You probably heard about the Conquest of the Carpathian Basin in 895-896 and it might happen that you even know that the Heroes Square, Andrássy Street or the building of the Parliament were inaugurated in the year of 1896 in which Hungary celebrated the millennium of that event. However, have you ever seen how Hungarians lived in the time of the Conquest and how an authentic Hungarian village looked like those days? Now you have a chance to do so.
Wealthy and handsome people of the steppe
According to historical sources, the Hungarians were nomadic people those days wandering together with their animals in search of pasturage. Furthermore, they lived in tents that were easy to pack together and move. According to Ibn Rusta, a 10th-century Persian explorer and geographer, Magyars settled along the nearest river during winters where they lived by fishing. He also wrote then that their “land is well watered and harvests abundant“. However, it is still unclear whether they or their slaves cultivated the land. Most Hungarian Historians today say that the latter is true.
According to Ibn Rusta, plundering raids, taxes collected from the neighbouring communities and slave trade made Hungarians wealthy. In fact, they sold their slaves to Byzantine traders and in return, they bought luxury products. According to Gardezi, a Persian Muslim Geographer and Historian of the early 11th century, the Hungarians were “handsome people and of good appearance and their clothes are of silk brocade and their weapons are of silver and are encrusted with pearls.”
Here is the video showing the life of a 9th-century Hungarian village:
Interestingly, there were no legal differences between the Hungarians; they were all equals and free even though differences in their wealth were striking thanks to the plunders and the raids. Hungarians of the 9th and 10th centuries were fine craftsmen, too. Blacksmiths had a pre-eminent role in the militarized society but even gold- and silversmiths reached a high level of professionalism.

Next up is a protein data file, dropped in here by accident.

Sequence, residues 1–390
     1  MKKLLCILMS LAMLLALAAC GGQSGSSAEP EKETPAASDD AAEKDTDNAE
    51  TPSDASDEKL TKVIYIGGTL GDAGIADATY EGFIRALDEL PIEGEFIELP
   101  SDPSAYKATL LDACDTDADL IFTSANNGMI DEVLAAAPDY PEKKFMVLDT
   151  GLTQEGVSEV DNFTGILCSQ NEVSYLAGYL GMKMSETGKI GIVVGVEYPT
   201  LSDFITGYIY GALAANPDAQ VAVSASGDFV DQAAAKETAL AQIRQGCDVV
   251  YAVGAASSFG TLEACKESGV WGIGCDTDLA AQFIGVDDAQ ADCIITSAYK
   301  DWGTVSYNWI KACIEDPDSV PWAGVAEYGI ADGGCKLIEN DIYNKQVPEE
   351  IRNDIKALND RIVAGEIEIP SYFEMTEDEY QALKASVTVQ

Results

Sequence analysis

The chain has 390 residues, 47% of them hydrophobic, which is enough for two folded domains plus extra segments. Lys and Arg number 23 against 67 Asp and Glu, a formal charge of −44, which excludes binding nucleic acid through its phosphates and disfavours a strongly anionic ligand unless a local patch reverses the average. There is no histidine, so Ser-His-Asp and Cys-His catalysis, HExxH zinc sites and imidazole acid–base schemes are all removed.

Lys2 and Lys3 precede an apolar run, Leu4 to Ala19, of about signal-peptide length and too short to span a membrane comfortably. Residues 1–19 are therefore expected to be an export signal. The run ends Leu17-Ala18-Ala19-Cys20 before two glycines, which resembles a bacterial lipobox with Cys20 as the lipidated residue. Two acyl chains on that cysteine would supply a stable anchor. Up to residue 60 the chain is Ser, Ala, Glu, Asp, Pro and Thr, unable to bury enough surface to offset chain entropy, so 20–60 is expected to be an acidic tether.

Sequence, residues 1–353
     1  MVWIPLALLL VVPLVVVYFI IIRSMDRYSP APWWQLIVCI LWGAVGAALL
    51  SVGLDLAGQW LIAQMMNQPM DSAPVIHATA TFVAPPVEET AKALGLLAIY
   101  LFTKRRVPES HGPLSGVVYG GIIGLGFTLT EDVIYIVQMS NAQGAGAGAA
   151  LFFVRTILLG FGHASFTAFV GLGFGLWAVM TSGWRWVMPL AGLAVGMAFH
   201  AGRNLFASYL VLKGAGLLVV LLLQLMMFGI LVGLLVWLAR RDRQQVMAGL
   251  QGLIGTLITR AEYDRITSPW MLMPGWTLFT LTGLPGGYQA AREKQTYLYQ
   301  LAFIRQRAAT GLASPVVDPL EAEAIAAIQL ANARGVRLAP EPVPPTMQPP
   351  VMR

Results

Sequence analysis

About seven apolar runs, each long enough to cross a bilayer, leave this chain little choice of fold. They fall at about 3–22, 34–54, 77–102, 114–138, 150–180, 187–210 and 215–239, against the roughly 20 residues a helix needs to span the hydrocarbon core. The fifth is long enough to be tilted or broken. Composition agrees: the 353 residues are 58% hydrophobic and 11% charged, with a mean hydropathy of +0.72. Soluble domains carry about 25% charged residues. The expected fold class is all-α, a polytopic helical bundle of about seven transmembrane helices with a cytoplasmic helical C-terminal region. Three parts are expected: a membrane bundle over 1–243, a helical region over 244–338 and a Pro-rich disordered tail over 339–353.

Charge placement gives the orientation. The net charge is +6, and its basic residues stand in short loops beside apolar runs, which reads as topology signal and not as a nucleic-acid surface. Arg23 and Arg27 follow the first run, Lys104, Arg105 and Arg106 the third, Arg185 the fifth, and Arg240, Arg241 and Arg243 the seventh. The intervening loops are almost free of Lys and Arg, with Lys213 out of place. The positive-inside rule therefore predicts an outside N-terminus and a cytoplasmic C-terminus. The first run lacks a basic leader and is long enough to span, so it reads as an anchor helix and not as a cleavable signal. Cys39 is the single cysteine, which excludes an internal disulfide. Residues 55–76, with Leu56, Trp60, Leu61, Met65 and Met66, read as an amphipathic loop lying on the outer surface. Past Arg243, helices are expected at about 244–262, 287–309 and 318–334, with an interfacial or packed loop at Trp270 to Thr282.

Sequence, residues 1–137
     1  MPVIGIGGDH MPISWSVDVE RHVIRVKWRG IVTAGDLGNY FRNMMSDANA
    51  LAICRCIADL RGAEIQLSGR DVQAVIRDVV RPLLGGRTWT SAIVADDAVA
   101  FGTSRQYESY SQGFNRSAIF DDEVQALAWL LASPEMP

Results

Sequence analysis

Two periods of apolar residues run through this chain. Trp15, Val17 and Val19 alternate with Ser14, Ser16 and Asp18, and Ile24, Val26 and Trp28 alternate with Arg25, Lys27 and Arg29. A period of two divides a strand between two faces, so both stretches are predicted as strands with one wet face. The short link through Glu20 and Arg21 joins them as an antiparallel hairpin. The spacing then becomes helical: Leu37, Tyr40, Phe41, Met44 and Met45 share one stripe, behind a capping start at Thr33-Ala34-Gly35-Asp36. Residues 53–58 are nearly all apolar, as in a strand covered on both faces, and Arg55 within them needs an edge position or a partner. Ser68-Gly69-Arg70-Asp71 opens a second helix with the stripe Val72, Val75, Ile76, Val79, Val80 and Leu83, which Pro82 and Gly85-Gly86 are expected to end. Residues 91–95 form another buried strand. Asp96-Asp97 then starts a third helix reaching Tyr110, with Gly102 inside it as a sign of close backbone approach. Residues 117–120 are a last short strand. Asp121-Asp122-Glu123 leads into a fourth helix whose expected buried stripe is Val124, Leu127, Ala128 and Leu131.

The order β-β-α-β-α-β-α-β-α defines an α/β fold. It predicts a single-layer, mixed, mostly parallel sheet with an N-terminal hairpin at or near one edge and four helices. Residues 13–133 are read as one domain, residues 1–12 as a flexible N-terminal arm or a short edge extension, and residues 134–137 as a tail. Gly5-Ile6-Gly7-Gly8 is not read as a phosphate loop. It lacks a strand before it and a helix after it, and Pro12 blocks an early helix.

An army of 20 thousand strong
Provided that a man wanted to marry a woman he had to pay for her the bride price. The Hungarian word “vőlegény” (vevő legény = purchasing man) and “eladó leány” (bride for sale) refer to this custom even today. In fact, Hungarians were religious people in those days. However, even though they got in touch with many kinds of “modern” religions like Judaism (Khazar Khaganate), Islam (Turkic people), or Christianity (Bulgarian Empire), they worshipped the forces of nature.
According to the contemporary sources, the Hungarians were brave soldiers fighting with fine weapons of which the bone-reinforced reflex bows were the most fearsome ones being able to shoot at a specific target within 60-70 metres. Their tactics were similar to other people of the Steppe. The main components of Magyar warfare were the surprise attack, feigned retreat and long-distance arrow-fire. According to Hungarian Historians, the Hungarian army consisted of 20,000 strong because all adult men were soldiers.
You can watch here how the Hungarian army defeated the Holy-Roman-Empire (East Francia) at the Battle of Pressburg in 907 here:
Featured image: Árpád Feszty’s The Arrival of the Hungarians. Source: https://commons.wikimedia.org/wiki/File:Arpadfeszty.jpg